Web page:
SIOUX CITY | The makers of Sue Bee Honey products face a pair of lawsuits calling the company's labeling misleading because traces of a common pesticide have been found in the honey.
The Organic Consumers Association, a Minnesota-based, non-profit agency, and fellow non-profit Beyond Pesticides, located in Washington, D.C., filed a lawsuit in Superior Court of the District of Columbia in November, saying that glyphosate residue has been found in products made by Sioux Honey, a honey cooperative based at 301 Lewis Blvd.
In September, Jason Scholder, who lives in Nassau County in New York, filed a class-action lawsuit against Sioux Honey in U.S. District Court in the Eastern District of New York. His lawsuit makes similar claims.
The lawsuits cite Sue Bee Clover Honey, Aunt Sue's Farmers Market Clover Honey and Aunt Sue's Raw Honey, all of which are either labeled "Pure" or "Natural." The groups said in their suit that testing done by the U.S. Food and Drug Administration has found traces of glyphosate in the honey. The active ingredient in Monsanto's Roundup herbicide, glyphosate has been linked to endocrine disruption. Researchers continue to study possible links to cancer.
"A consumer seeing the words 'Pure,' '100% Pure' or 'Natural' on a honey product would reasonably expect that product to contain nothing other than honey," Organic Consumers Association international director Ronnie Cummins said in a November news release announcing the lawsuit's filing. "Regardless of how these products came to be contaminated, Sioux Honey has an obligation to either prevent the contamination, disclose the contamination or at the very least remove these deceptive labels."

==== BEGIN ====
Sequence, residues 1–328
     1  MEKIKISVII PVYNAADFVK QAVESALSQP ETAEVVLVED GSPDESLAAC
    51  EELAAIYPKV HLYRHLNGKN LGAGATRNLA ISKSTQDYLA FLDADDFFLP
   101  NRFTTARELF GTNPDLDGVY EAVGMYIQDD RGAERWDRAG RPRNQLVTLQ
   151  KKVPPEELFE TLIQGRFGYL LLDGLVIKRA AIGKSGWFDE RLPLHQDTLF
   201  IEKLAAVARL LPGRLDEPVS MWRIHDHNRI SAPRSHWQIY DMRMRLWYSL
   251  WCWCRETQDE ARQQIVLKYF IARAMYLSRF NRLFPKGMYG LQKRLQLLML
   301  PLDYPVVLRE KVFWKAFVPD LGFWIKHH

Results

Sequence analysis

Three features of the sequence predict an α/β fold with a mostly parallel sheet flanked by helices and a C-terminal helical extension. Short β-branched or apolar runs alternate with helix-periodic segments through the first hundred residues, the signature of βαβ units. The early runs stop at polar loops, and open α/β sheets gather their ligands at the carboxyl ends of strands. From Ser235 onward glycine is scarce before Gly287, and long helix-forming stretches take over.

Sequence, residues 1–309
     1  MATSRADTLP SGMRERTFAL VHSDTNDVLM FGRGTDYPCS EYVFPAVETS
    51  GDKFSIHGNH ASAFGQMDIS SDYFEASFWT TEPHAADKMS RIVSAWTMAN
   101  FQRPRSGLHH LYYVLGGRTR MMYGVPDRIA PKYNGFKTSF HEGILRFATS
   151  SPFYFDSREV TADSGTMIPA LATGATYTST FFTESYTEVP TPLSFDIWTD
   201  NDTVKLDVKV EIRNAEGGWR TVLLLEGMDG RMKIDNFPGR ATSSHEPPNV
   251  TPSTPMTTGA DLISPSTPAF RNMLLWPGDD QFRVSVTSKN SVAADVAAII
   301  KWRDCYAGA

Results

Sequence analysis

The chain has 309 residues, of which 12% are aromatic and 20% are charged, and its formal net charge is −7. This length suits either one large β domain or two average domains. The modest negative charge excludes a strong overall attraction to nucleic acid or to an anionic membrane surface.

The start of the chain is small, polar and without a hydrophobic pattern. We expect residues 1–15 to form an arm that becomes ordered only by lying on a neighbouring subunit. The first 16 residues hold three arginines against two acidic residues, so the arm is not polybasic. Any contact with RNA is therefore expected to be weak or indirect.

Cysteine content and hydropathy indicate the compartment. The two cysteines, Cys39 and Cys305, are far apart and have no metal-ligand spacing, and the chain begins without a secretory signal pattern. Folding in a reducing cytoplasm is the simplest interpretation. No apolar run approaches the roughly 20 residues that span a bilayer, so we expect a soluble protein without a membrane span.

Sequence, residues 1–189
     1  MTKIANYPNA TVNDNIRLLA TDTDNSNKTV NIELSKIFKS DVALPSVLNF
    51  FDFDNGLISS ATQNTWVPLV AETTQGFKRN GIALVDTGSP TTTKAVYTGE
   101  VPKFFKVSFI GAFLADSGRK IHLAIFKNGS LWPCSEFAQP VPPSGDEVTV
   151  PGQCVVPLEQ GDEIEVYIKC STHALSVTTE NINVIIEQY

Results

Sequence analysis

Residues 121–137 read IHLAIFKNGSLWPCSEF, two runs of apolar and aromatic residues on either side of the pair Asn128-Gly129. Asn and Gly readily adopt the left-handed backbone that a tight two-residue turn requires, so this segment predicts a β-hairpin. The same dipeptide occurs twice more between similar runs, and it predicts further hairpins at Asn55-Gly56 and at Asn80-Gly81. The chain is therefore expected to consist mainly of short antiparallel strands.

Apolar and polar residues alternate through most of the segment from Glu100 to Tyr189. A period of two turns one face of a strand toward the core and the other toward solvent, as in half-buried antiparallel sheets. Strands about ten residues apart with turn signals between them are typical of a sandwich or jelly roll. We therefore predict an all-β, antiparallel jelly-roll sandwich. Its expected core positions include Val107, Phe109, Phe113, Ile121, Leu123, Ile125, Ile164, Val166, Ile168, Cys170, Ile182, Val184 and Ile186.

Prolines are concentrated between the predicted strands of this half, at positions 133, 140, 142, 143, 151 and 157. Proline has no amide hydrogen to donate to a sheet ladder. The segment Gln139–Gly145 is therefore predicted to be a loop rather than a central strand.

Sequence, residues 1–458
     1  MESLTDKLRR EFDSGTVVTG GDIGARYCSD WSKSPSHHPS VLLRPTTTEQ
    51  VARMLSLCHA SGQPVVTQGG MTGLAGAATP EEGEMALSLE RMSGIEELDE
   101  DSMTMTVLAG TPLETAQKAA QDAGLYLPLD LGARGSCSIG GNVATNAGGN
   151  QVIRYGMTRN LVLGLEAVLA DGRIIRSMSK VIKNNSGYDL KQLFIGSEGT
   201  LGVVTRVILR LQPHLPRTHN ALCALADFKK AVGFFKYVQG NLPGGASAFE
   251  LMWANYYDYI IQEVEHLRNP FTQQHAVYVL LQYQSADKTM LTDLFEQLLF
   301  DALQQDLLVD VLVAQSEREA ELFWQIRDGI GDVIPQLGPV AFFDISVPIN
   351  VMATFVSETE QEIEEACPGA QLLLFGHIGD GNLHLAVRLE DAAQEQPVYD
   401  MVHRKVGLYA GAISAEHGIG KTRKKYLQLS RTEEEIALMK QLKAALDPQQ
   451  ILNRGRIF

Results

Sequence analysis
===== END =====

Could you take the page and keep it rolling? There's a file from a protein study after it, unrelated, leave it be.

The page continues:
You have free articles remaining.
Bill Huser, Sioux Honey vice president of research and development, said he could not comment on the lawsuits. He released the following statement: "We acknowledge that a lawsuit has just recently been filed against Sioux Honey regarding allegations that our products may contain glyphosate, a chemical found in a herbicide used by farmers throughout the United States. We are currently investigating the facts surrounding these allegations and plan to respond further once our investigation has been completed. We do note, though, that the (U.S. Environmental Protection Agency) has concluded that glyphosate is not likely to be a carcinogen."
In a Sept. 15 story published by The Huffington Post, Huser said glyphosate is commonly used on farm fields frequented by bees, and the pesticide travels back with the bees to the hives where the honey is produced.
Both lawsuits claim that Sioux Honey's labeling has put consumers who believe they are buying a product free of chemicals and unnatural ingredients at risk.
Scholder is seeking restitution and punitive damages. A exact damage amount was not listed, but the suit said that "the matter of controversy exceeds $5 million."